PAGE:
Anti-vaxxers are one of the few minority groups it’s still ok to poke fun at and today is no exception. In honor of the science that took man into space on this day in 1961, I am taking the opportunity to point out that a study of coronavirus vaccine deaths that anti-vaxxers loved to cite has been retracted.
The study, “The Role of Social Circle Covid-19 Illness and Vaccination Experiences in Covid-19 Vaccination Decisions: An Online Survey of the United States Population,” was originally published in on January 24 of this year.
It purported to find 278,000 deaths as a direct result of coronavirus vaccinations. To say it thrilled the anti-vax crowd would be a gross understatement.
The U.S. Centers for Disease Control and Prevention had at that time only reported 19,476 verified cases where someone died immediately following inoculation.
The failings of the report that led to its ultimate retraction inform greatly about bogus science.
For starters, the study had been authored by an economist, Mark Skidmore of Michigan State University. As many of you know, I’m an historian by virtue of my undergraduate and graduate degrees but I’ve been researching and reporting on the pandemic since before it was even officially a pandemic and I would not seek to undertake to publish such a report.
It had been published in BMC Infectious Diseases, a peer-reviewed medical journal associated with the Nature publishing group. This gave it a burnish that glowed like the Habsburg Kaiserliche Schatzkammer in the Hofburg and it was the most-viewed paper in the journal’s history.
Now please fasten your seatbelt. Here comes the bumpy ride.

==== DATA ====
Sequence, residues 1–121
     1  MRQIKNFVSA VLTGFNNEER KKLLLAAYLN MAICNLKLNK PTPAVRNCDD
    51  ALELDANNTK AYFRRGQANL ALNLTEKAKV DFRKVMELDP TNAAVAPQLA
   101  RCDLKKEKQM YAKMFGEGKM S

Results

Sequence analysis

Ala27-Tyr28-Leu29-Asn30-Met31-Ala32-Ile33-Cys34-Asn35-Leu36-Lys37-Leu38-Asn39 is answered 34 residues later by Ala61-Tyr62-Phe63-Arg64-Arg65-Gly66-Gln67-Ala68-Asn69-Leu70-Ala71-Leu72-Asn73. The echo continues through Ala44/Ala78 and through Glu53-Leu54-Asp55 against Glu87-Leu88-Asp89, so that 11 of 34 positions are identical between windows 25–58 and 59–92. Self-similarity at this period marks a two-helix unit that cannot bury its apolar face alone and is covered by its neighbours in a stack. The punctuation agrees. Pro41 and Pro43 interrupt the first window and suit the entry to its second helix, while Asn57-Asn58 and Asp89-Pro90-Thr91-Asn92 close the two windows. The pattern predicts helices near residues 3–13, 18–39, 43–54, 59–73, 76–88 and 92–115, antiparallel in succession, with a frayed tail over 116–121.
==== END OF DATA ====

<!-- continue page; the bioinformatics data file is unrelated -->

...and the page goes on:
The journal retracted Skidmore’s study on Tuesday, specifically citing doubts about “the validity of the conclusions” related to death statistics because of flaws in the study’s methodology. Skidmore, incidentally, disagrees with the retraction but has no say in the matter.
The retraction followed months of dickering between the two parties over the nature and wording of the retraction notice. I am citing the retraction notice in its entirety due to the importance of cleansing the scientific record of research that could have an adverse impact on public health, but what concerns me is how it got published in the first place as its flaws were – at least to me, your humble historian who authored a dissertation entitled “Religious Freedom in the Habsburg Hereditary Lands During the Enlightenment” – self-evident.
“The editors have retracted this article as concerns were raised regarding the validity of the conclusions drawn after publication. Post-publication peer review concluded that the methodology was inappropriate as it does not prove causal inference of mortality, and limitations of the study were not adequately described. Furthermore, there was no attempt to validate reported fatalities, and there are critical issues in the representativeness of the study population and the accuracy of data collection. Lastly, contrary to the statement in the article, the documentation provided by the author confirms that the study was exempt from ethics approval and therefore was not approved by the IRB of the Michigan State University Human Research Protection Program.”
(Photo: Accura Media Group)